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Environment and Society in the Japanese Islands

From Prehistory to the Present

Bruce L. Batten and Philip C. Brown

6 × 9. B&W and Color Illustrations. Maps. Index. 312 pages.

2015. ISBN 978-0-87071-801-4. Paperback, $29.95s.

Over the long course of Japan's history, its rich natural environment simultaneously supported its human inhabitants and created significant hazards and challenges. The Japanese have also influenced nature in numerous ways, from landscape modification to industrial pollution. How has the human-nature relationship changed over time in Japan? How does Japan’s environmental history compare with that of other countries, or that of the world as a whole?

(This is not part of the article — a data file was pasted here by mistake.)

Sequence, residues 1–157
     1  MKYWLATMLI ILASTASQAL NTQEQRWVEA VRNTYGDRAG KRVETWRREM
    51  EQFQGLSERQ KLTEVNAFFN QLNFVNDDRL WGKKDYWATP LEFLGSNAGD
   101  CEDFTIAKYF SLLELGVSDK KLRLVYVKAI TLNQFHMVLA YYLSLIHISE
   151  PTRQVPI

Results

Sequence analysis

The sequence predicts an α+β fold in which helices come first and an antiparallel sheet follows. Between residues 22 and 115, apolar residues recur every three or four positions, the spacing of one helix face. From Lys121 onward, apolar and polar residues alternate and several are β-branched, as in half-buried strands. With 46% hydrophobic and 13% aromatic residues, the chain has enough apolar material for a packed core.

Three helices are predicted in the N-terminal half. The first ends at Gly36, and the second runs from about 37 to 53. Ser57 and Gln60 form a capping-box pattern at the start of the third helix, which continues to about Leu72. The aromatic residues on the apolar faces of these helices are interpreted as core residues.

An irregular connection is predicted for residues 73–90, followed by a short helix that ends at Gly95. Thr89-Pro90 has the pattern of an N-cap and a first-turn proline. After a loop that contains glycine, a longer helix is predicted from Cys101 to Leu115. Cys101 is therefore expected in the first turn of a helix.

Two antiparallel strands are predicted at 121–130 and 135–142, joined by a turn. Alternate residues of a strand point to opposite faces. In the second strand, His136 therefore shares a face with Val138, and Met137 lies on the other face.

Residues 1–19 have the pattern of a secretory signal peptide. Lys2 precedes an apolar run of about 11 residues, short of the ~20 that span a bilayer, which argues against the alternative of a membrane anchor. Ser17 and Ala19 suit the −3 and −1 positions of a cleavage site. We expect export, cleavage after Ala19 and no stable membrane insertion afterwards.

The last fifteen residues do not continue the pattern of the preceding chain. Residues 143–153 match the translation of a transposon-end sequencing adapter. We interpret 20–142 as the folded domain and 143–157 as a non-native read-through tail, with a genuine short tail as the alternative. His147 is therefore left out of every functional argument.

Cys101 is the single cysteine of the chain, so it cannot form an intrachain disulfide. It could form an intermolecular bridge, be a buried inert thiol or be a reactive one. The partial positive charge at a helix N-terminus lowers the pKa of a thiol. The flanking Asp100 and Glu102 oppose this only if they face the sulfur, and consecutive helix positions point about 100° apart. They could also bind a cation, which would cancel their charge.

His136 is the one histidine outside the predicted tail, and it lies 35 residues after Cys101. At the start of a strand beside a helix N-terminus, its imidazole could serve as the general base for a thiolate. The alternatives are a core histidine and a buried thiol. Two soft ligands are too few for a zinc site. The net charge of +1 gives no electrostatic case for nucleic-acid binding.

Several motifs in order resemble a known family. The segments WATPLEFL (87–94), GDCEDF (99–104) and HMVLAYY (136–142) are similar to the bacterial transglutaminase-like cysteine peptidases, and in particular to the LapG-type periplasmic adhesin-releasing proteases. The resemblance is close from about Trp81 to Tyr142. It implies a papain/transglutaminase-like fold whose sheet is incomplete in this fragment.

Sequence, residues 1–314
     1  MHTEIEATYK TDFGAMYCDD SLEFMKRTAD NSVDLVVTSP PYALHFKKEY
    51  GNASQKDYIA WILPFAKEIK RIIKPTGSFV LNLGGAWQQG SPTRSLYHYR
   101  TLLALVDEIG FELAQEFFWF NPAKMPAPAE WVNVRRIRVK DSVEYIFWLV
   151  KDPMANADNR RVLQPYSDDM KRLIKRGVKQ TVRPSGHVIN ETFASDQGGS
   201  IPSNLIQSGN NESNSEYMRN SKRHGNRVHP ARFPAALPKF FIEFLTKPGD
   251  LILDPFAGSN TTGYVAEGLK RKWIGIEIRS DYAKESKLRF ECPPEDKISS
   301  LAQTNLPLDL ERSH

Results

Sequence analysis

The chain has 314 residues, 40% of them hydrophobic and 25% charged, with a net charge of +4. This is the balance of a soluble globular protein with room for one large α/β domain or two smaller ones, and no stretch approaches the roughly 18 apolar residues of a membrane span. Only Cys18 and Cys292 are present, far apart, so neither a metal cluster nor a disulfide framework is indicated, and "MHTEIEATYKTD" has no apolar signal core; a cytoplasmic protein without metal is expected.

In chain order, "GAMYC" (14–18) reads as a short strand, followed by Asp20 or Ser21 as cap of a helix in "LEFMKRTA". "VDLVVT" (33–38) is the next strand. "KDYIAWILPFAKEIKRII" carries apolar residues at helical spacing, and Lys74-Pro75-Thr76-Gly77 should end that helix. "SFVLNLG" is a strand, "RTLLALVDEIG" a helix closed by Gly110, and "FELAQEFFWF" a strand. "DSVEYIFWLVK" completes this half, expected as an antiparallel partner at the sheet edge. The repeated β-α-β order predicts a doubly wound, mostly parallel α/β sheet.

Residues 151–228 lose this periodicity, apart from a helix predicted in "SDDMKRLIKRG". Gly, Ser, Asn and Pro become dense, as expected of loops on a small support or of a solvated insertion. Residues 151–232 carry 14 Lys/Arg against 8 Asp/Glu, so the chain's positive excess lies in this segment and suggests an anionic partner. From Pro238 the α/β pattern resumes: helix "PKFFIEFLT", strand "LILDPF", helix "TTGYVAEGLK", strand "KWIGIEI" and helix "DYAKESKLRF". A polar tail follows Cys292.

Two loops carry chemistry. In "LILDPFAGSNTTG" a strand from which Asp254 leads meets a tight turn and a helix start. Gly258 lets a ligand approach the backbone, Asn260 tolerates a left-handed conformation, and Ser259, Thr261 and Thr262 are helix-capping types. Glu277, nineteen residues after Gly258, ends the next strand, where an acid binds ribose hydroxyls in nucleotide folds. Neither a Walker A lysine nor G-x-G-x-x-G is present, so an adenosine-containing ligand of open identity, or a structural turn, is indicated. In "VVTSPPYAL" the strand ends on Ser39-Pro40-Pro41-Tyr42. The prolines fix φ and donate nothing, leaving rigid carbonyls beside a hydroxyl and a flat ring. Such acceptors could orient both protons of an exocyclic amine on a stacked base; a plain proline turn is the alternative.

Environment and Society in the Japanese Islands attempts to answer these questions through a series of case studies by leading Japanese and Western historians, geographers, archaeologists, and climatologists. These essays, on diverse topics from all periods of Japanese history and prehistory, are unified by their focus on the key concepts of “resilience” and “risk mitigation.” Taken as a whole, they place Japan’s experience in global context and call into question the commonly presumed division between premodern and modern environmental history.

 

Primarily intended for scholars and students in fields related to Japan or environmental history, these accessibly written essays will be valuable to anyone wishing to learn about the historical roots of today’s environmental issues or the complex relationship between human society and the natural environment.

List of Contributors:

Gina Barnes
Bruce L. Batten
Philip C. Brown
Eric Dinmore
Toshihiro Higuchi
Junpei Hirano
Kuang-chi Hung
Tatsunori Kawasumi
Takehiko Mikami
Scott O’Bryan
Osamu Saito
Shizuyo Sano
Gregory Smits
Colin Tyner
Masumi Zaiki

 

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